chapter  11
42 Pages

Putting the 104th Freshman Class into Perspective

The secondary literature (newspapers, nonacademic journals, and magazines) provides images of the 1994 Republican freshmen consistent with this project’s research findings. This consistency prevails across the New York Times, Congressional Quarterly Weekly Magazine, Business Week, and similar sources where high-quality reporting is the standard. These sources indicate that during the 104th

Congress the GOP freshmen were so driven by a sensed policy mandate that they took considerable risks to advance their policy agenda. They sought to build class coherence on behalf of their perceived mandate, and used Contract “principles” to find guidance for their actions (Hook 1994). Members on the right flank of the 104th GOP freshman class were exceedingly wary of Washington, and generally remain that way as 105th sophomores. During their first term, many of the freshmen were perceived by journalists to be “suicide bombers” and “true believers who behave as if they have nothing to lose.” An influential minority was depicted as “petulant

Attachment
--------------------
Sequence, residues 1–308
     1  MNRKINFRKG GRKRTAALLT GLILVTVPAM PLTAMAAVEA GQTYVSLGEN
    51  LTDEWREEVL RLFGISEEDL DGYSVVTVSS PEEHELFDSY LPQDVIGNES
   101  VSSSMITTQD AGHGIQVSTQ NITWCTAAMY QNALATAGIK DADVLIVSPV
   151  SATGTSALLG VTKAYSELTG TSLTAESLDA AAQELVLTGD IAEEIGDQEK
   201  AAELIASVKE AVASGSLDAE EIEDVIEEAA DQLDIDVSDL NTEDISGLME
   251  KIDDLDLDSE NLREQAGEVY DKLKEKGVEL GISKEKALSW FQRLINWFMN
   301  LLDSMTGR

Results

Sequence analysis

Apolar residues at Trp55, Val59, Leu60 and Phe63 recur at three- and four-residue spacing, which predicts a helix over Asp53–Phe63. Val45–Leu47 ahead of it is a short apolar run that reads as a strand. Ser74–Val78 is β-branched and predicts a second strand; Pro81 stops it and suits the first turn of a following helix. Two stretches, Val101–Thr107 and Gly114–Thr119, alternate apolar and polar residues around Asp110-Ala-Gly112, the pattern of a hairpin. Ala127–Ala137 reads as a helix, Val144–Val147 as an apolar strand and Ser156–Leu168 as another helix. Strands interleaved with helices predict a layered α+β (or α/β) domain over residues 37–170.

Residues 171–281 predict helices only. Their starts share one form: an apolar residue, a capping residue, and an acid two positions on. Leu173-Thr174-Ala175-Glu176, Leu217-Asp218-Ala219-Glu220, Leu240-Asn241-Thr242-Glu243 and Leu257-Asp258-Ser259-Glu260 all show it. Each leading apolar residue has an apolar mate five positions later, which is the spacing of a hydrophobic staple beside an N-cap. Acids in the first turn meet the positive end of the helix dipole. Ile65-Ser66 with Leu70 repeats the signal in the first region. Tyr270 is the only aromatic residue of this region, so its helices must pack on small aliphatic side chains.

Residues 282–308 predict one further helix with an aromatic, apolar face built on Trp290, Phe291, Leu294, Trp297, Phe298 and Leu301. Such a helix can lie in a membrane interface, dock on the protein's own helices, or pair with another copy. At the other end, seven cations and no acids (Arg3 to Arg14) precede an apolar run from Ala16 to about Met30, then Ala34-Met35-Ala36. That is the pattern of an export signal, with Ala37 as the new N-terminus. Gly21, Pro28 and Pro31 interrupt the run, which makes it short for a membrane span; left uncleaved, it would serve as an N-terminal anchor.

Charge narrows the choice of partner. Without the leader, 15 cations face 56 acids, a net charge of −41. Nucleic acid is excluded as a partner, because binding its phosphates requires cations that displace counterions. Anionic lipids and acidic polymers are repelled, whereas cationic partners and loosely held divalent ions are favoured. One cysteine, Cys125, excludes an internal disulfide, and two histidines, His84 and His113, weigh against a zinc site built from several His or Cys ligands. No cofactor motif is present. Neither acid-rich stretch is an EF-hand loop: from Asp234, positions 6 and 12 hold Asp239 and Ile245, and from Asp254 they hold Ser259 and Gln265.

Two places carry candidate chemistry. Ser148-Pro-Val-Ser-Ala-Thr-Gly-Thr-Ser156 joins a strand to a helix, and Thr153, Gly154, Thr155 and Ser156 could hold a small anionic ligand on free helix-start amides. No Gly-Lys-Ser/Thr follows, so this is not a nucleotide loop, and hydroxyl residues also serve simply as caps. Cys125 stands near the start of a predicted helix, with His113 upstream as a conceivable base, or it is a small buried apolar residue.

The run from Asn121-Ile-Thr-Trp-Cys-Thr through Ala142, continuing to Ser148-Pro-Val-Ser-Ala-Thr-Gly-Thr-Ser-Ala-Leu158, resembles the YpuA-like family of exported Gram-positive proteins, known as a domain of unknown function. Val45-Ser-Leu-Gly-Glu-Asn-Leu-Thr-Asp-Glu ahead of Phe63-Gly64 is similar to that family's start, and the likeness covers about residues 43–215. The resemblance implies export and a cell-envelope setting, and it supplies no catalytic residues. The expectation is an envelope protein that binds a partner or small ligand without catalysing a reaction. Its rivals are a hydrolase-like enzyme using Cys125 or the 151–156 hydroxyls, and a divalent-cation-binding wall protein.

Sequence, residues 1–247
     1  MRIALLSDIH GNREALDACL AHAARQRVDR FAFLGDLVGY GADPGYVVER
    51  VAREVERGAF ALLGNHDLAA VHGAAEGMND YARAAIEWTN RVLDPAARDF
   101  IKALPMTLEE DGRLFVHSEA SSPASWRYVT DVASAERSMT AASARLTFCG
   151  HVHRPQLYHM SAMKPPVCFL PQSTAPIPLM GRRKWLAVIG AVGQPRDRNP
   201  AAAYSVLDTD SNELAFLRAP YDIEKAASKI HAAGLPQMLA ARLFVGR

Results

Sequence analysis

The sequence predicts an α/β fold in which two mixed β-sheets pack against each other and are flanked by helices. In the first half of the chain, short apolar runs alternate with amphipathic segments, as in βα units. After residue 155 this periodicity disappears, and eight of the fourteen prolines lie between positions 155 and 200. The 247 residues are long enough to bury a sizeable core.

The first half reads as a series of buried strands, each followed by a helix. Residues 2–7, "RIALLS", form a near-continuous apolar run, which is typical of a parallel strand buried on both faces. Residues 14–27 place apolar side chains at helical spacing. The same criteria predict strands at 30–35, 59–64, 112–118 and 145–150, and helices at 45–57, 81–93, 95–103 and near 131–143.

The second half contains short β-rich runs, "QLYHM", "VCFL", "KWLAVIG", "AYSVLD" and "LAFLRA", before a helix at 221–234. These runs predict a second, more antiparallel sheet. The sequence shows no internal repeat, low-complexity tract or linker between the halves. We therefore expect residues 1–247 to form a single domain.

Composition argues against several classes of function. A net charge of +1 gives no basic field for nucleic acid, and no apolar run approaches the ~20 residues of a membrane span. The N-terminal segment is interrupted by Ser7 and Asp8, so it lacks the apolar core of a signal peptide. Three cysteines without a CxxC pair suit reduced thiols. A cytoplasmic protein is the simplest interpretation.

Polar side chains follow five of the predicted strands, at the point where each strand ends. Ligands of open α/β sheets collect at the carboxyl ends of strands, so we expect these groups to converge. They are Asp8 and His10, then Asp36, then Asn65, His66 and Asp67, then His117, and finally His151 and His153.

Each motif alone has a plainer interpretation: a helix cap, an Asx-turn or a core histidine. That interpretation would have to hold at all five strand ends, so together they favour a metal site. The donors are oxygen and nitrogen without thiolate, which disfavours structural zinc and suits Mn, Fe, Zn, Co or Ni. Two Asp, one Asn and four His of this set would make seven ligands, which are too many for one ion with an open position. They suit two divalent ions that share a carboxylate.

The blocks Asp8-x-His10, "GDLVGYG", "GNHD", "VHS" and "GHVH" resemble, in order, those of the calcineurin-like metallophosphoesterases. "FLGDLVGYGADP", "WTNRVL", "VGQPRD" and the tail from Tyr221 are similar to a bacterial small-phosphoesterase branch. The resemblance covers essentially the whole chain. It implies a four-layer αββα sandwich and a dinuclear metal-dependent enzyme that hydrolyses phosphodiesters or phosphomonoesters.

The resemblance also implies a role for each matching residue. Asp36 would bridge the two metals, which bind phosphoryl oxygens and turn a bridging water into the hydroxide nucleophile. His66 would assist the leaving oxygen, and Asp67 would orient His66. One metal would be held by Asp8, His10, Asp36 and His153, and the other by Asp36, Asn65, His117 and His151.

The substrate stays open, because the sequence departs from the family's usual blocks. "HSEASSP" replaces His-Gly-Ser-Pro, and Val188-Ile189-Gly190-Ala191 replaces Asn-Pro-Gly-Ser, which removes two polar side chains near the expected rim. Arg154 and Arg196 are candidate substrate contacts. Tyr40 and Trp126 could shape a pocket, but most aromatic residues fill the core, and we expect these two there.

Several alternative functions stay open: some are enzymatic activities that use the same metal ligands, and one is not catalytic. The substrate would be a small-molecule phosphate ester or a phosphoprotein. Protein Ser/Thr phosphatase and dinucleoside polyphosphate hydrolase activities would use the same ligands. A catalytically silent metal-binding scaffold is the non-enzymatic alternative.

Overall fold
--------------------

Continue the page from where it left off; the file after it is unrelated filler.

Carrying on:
in their refusal to compromise,” as manifest in their determination to stick by their original failed wish to eliminate several Cabinet departments (Henneberger and Gray 1997; Weisman 1997c). Some members of the 1994 class still insist that the real mistake with the GOP’s 1995 partial government shutdown is that House Republicans did not preserve the shutdown until Clinton capitulated (Doherty and Katz 1998). However, most of the class wishes the shutdown had never occurred, and desires to avoid similar incidents in the future.